All over Northland keen-eared kiwi listeners are dusting off their winter woollies and getting ready to sit out on cold dark hillsides as the Annual Kiwi Call Count Survey gets under way for another year.
Kiwi Coast is working with community groups, Department of Conservation and Northland Regional Council to help coordinate the survey and ensure all Northland sites are listened into.
New projects keen to get involved are being supported with Kiwi Listening Training evenings at Hikurangi, Taupo Bay, Totara North and Waipu. Around fifty new listeners will be upskilled on how to collect and record the required data, and most importantly – distinguish kiwi calls from cheeky pukeko up past their bedtime, and the various morepork/ruru calls that can be a little confusing for beginners.
With all the hard work being carried out to ensure Northland kiwi thrive, it’s important to know if the desired result is being achieved. Are kiwi numbers going up?
Kiwi are secretive and nocturnal and it is difficult to count all the birds in an area. Kiwi listening is a surveying technique carried out at the beginning of the breeding season each year, that makes use of the territorial behaviour of kiwi and their calls to their mate.
Male and female kiwi have distinctly different calls so it is easy to tell who is who, and pairs will call, or ‘duet’ to each other to indicate they are a breeding pair.
Recording kiwi calls at the same site, year after year, slowly builds up a picture of how the local kiwi population is faring. It is heartening for many groups and projects along the Kiwi Coast to see their hard work trapping pests and taking good care of their dogs reflected in increasing kiwi calls. Many Northland sites now have 10-20 years of kiwi call count data recorded, providing strong information on population trends.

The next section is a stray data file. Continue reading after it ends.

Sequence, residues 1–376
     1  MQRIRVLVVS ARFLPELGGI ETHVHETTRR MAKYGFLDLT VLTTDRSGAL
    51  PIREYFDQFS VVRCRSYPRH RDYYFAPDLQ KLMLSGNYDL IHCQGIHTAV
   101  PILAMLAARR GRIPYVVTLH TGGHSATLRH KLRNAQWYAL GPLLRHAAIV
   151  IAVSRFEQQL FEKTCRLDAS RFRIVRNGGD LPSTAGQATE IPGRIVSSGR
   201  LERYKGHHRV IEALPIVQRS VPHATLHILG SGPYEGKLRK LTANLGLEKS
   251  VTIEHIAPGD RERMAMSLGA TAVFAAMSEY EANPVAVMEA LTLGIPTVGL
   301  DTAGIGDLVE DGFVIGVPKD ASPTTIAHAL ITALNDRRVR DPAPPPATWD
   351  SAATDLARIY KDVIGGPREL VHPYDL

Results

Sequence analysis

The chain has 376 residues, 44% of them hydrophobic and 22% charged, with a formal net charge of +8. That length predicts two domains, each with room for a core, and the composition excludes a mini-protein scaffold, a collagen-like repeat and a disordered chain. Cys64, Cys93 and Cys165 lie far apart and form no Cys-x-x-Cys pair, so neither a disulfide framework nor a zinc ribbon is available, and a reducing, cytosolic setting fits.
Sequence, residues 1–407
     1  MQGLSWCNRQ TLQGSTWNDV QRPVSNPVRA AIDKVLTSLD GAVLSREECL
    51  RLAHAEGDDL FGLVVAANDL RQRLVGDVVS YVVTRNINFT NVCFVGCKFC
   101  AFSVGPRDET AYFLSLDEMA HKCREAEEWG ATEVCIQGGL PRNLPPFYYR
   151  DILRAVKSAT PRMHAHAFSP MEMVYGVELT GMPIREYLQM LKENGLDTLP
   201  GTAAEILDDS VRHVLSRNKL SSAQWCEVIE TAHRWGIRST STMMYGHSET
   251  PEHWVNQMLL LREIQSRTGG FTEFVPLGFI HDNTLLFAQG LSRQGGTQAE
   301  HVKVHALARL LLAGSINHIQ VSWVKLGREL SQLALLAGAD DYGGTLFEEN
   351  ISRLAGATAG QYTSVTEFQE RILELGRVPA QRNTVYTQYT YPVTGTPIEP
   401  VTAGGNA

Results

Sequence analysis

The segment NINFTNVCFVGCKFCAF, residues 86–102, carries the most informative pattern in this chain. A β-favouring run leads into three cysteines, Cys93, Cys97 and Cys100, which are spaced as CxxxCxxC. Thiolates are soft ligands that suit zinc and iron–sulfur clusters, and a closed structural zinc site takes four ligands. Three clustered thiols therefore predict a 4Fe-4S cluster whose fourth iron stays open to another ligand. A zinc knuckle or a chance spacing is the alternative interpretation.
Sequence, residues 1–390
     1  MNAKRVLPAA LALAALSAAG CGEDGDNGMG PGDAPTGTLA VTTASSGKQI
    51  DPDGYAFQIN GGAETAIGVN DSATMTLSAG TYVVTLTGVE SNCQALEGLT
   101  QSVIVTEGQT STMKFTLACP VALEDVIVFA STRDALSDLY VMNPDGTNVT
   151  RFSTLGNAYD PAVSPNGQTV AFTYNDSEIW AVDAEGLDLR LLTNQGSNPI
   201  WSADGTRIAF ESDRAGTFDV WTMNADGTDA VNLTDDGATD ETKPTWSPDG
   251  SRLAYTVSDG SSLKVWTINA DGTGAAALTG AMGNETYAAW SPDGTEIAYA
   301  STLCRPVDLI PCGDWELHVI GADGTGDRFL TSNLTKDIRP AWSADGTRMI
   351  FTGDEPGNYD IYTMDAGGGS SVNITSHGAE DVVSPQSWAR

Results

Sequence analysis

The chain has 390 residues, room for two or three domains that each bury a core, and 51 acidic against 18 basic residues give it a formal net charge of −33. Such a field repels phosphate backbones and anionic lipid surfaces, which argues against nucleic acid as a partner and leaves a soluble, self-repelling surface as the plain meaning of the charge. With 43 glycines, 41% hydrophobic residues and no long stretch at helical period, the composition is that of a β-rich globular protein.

The Backyard Kiwi project at Whangarei Heads for example have used the data to estimate their kiwi have increased from 80 to over 900 over the past 15 years.
The monitoring method involves recording all kiwi calls heard over a 2 hour period on 4 nights. Special dates are chosen each year by the national Kiwi Recovery Group, to coincide with the darker phases of the moon, as kiwi are thought to call less during a full moon. This year the official listening dates are May 22nd – June 10th. In case of bad weather, there is also a ‘back-up listening window’ from June 20 t0 July 9th.
Groups and projects needing to check the survey dates, brush up on the Kiwi Call Count Survey Method, Kiwi Coast Kiwi Listening Device Instructions or download the official Kiwi Call Count Sheet can find it all on the Kiwi Coast website.
Good luck to all listeners – just get in touch with Ngaire or Andy if you need any help. Keep safe, keep warm and remember to send in your data to your Department of Conservation area office or your local Kiwi Listening Coordinator!